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"Long Beach Airport Officials Dispute Data On General Aviation"

Tuesday, August 14, 2012

Long Beach Airport Officials Dispute Data On General Aviation
FAA Shows GA Operations Down 8.1 percent; Consultant Says Stats
By Sean Belk
The Long Beach (CA) Business Journal

Long Beach Airport officials dispute figures provided to the Business
Journal by an aviation consultant that stated activity of small private
piston-engine airplanes and corporate business jets - referred to as general
aviation - was down double digits over last year.
Airport staff said general aviation (GA) activity (withholding air taxi
traffic) for the first six months of the year was down only 8.1 percent
compared to the same time period in 2011, according to a chart sourced from
the Federal Aviation Administration (FAA) website. The break down shows
there were 116,939 GA operations from January to June this year, compared to
126,230 operations during the same months last year.

 The chart also shows that some other comparable airports saw deeper
declines than LGB, while others were down less. Van Nuys, for example was
down 14.4 percent in general aviation activity for the first half of the
year compared with last year, while Santa Ana Airport was down only 1.5
percent as of June this year compared to 2011. Ontario Airport was down 10.9
percent compared to last year.
"It goes along the pattern that we're within a certain band . . . we're not
good and we're not bad, it just is what it is," said Airport Director Mario
Rodriguez. "A lot of it has to do with the fact that there's less training
activity . . . It's also just a factor of the economy . . . It isn't a
sudden precipitous drop."
The statistics are far different than those provided to the Business Journal
via e-mail by Michael Hodges, president and CEO of Florida-based Airport
Business Solutions, a business consultant for Toyota AirFlite, one of the
largest fixed-based operators at LGB. Those statistics showed that, when
annualized out, year-to-date general aviation activity, as of June, was down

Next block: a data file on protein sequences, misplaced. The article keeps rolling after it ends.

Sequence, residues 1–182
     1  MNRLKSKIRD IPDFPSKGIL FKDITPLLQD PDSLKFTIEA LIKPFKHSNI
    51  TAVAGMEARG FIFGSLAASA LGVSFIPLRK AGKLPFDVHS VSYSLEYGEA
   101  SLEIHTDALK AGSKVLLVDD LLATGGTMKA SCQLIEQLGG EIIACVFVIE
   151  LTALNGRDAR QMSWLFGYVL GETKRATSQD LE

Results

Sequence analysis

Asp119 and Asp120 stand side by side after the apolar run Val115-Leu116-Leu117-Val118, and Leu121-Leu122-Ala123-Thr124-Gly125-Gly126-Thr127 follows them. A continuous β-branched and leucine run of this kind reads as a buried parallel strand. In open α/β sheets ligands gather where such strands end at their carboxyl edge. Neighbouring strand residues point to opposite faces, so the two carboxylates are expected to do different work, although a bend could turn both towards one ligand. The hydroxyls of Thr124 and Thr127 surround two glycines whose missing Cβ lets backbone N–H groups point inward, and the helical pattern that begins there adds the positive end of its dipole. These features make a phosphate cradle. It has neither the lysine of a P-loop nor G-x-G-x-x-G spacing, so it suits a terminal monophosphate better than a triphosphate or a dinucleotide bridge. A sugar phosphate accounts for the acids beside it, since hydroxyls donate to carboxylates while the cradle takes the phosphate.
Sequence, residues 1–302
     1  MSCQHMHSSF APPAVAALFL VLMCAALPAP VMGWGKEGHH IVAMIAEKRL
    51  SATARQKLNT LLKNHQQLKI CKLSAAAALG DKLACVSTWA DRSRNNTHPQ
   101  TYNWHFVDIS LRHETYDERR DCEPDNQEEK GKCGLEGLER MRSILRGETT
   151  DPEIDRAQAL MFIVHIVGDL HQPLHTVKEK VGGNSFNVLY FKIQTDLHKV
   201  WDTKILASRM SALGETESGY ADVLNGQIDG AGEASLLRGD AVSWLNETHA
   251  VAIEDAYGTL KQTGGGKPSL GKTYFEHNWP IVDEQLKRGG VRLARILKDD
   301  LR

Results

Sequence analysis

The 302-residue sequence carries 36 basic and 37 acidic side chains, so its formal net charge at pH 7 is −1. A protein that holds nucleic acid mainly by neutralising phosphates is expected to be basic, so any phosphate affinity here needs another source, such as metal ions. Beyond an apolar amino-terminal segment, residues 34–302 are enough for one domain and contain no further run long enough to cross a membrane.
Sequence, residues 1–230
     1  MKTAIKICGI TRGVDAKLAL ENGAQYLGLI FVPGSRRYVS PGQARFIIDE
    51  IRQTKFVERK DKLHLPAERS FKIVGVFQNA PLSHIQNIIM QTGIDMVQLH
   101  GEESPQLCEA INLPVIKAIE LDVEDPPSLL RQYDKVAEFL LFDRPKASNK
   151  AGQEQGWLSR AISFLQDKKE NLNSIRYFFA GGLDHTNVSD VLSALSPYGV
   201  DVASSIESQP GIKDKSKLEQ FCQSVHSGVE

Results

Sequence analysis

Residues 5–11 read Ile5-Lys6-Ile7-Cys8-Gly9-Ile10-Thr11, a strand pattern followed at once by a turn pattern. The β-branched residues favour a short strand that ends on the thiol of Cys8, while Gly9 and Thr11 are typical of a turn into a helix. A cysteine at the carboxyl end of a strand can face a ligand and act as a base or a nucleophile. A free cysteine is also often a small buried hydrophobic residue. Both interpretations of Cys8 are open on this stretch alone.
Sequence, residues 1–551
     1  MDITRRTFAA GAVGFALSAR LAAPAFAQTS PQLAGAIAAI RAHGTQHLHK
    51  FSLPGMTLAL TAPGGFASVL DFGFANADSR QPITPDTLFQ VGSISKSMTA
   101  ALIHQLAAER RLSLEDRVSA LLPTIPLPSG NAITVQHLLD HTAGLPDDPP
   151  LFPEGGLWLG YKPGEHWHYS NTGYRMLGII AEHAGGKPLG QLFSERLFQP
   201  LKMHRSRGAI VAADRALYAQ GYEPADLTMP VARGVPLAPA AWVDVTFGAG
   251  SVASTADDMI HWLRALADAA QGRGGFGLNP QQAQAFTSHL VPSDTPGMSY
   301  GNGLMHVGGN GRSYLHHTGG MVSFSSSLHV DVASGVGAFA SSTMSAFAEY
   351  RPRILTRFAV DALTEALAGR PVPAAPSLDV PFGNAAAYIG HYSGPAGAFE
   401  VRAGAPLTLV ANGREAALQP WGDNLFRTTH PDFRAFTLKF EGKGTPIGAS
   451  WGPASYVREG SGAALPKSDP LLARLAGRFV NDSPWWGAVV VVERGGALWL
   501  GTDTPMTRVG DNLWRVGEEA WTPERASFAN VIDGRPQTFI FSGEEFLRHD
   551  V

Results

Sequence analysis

more than 24 percent. He points out that the statistics provided earlier to
the Business Journal were from the airport's own staff.
The FAA's data on airport operations, however, also goes through airport
staff, since public airports regularly fill out what's called a 5010 report,
with information from control towers sent to the FAA, he said. "The question
I have is: why is it different?" Hodges said. "Any inconsistencies in that
information would be consistent with their own inconsistencies . . . So,
basically, if there is different information out there, they need to update
their own records."
Rodriguez, however, pointed out that a lot of the general aviation activity
is seasonal. The airport's monthly year-to-date activity report even shows
air tax and general aviation operations recently improved further, falling
from a decline of 9.7 percent in June to a decline of 8.8 percent in July.
Hodges said he wasn't sure if seasonality played a part in the differing
statistics, but added, "all I know is that based on the information they
provided upon my request, [the data] shows a decrease in activity
approximately 20 percent."
The reason why general aviation activity is so important to FBOs and
aviation businesses at the airport is because many are dependent on the
traffic for their business, in addition to the activity playing a part in
pricing rental rates for land. Other factors that impact profitability and
lease rates include location, marketability, economic development
opportunities and other factors.
Rodriguez said the relationship between the airport and FBOs and businesses
is much different than commercial airline businesses, which have to abide by
prices the airport dictates, such as for concessions. "General aviation is
truly a landlord-tenant relationship for the airport," he said.
Aviation businesses determine their own fuel rates and hangar fees to charge
for services, while the only charges the airport levies are some 20-year-old
lease rates for land, which the airport claims are the lowest rates in the
region. Still, Hodges said, even if the airport has the lowest rental rates
in the region, that doesn't always mean the rates necessarily reflect the
Meanwhile, the Aircraft Owners and Pilots Association (AOPA) added that a
lot of the reason for the decreasing general aviation activity is due to the
fact that the nation's pilot population is declining. Benet Wilson,
spokesperson for AOPA, said via e-mail that there were 827,000 active
certificated pilots in 1980, but in 2009, there were just 624,000.
AOPA has launched programs to address these falling numbers, she said,
including the organization's "Learn To Fly" and "Get Back Into Flying"
programs, a flight training student retention initiative and youth education
effort, including a new free youth membership program launched last month.
Rodriguez said the airport staff continues to work "proactively" to promote
general aviation and the businesses that serve it as much as possible. He
said the airport has spent a considerable amount of funding on attending
national business aviation conventions to promote GA at the airport, while
other airports have not done so.
"We want to make sure everyone is successful," Rodriguez said. "We want to
make sure we do our part in helping our FBOs to be as successful as
possible, but the economy is floundering . . . We believe that the airport
should work as closely with business as possible and we're doing that."

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